NEWARK, N.J., Sept. 19 (UPI) -- New Jersey Gov. Chris Christie knew close associates plotted to close traffic lanes leading to the George Washington Bridge as punishment for a local mayor who didn't support the governor, federal prosecutors said Monday.
Christie, who serves as a top campaign adviser to Republican presidential nominee Donald Trump, has denied any involvement since the incident three years ago: Knowledge of the plot or even being told the lanes were being closed as they happened.
Monday was the first time the allegations have been made in court. in the case, which has become known as "Bridgegate."
Two former Christie administration officials -- Bridget Anne Kelly and Bill Baroni, both 44 -- have been charged with closing the lanes and then covering it up.
U.S. Attorney Vikas Khanna said Monday that they discussed the traffic tie-up at a 9/11 ceremony that Christie attended.
"During those precious few minutes, they bragged about the fact that there were traffic problems in Fort Lee and that Mayor Sokolich was not getting his calls returned," Khanna told the jurors.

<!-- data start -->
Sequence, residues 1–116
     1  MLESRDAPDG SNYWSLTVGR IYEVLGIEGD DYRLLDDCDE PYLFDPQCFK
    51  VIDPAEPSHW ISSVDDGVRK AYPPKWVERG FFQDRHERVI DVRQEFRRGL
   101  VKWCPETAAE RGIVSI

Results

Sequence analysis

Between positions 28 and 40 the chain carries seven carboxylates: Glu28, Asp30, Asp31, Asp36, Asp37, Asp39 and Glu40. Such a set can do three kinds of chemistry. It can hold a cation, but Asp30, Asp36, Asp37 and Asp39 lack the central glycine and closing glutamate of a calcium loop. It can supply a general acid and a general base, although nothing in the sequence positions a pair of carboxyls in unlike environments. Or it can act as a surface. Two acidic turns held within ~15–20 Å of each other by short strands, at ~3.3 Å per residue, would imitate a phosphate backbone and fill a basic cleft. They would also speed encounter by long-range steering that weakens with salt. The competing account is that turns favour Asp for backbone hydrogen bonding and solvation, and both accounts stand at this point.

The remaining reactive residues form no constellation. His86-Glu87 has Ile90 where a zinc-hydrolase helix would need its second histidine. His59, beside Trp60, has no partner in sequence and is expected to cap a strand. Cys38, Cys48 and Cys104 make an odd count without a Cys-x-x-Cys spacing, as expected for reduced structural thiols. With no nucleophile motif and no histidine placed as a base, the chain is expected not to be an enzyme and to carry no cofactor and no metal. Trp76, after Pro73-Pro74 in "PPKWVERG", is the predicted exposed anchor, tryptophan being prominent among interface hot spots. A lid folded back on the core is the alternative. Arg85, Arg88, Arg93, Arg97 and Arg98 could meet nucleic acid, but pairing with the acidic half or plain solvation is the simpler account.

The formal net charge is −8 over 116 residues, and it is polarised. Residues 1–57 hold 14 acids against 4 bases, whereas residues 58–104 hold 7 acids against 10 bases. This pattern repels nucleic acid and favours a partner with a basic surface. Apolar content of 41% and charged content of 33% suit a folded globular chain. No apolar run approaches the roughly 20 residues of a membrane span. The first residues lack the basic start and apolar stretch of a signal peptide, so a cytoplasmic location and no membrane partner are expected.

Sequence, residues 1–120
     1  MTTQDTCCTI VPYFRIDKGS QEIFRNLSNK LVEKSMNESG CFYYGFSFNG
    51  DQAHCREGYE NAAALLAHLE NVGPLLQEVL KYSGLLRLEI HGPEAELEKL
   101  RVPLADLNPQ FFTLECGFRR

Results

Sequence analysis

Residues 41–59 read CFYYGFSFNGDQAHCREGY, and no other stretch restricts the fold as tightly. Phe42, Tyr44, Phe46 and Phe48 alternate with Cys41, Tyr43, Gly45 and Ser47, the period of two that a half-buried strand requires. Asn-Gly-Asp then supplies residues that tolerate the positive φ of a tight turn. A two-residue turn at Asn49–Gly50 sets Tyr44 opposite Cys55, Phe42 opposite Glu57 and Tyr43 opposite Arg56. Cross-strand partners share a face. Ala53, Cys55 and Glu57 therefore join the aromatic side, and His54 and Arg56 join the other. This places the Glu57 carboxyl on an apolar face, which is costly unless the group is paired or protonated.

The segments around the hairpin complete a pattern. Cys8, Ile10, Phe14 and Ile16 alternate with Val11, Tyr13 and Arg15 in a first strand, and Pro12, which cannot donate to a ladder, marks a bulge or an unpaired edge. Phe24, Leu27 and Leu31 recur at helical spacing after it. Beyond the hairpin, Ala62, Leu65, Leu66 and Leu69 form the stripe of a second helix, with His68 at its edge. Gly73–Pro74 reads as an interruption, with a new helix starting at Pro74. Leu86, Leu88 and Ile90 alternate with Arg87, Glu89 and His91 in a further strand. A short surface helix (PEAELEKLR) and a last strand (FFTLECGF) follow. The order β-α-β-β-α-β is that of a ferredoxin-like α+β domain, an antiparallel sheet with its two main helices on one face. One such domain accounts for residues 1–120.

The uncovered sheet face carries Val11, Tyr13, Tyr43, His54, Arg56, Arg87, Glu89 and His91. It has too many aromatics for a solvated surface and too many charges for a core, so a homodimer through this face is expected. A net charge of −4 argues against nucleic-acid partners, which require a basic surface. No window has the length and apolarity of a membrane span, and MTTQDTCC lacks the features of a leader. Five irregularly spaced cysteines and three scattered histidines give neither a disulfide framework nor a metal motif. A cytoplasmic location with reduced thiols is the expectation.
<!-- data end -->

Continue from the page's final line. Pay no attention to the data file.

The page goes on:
Kelly was Christie's former deputy chief of staff and Baron was the former deputy executive director at the Port Authority of New York & New Jersey. They pleaded not guilty.
Prosecutors say Kelly and Baroni conspired with another Port Authority executive, David Wildstein, to get even, prosecutors say.
A month before the gridlock began, Kelly sent Wildstein an email that said: "Time for some traffic problems in Fort Lee." Wildstein responded: "Got it."
They used Port Authority resources to close two of three local access lanes to the world's busiest bridge, prosecutors say, and agreed not to warn top officials in Fort Lee or at the Port Authority.
"For four straight days Fort Lee woke up to traffic gridlock, and for four straight days, Mayor Sokolich was treated with radio silence," Khanna said.
Finally the lanes were ordered reopened by Patrick Foye, the executive director of the Port Authority and an appointee of New York Democratic Gov. Andrew Cuomo.
Wildstein, who pleaded guilty to two conspiracy counts last year, is cooperating with prosecutors.
Baroni's lawyer, Michael Baldassare, said in his opening statement: "David Wildstein is a vicious guy. He's a bully,"
Baldassare added: "The governor referred to David Wildstein as his fixer."